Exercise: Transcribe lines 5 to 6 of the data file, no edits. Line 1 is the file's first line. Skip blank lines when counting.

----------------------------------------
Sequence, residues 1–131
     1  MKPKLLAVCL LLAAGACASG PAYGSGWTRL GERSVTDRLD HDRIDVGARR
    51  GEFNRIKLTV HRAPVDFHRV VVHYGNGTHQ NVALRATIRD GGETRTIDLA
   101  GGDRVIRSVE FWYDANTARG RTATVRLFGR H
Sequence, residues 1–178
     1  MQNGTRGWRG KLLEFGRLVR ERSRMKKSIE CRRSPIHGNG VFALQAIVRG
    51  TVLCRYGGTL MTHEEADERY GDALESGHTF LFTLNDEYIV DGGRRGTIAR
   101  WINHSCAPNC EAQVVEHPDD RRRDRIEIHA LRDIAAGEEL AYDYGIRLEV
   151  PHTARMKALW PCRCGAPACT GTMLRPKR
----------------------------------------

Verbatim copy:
Sequence, residues 1–178
     1  MQNGTRGWRG KLLEFGRLVR ERSRMKKSIE CRRSPIHGNG VFALQAIVRG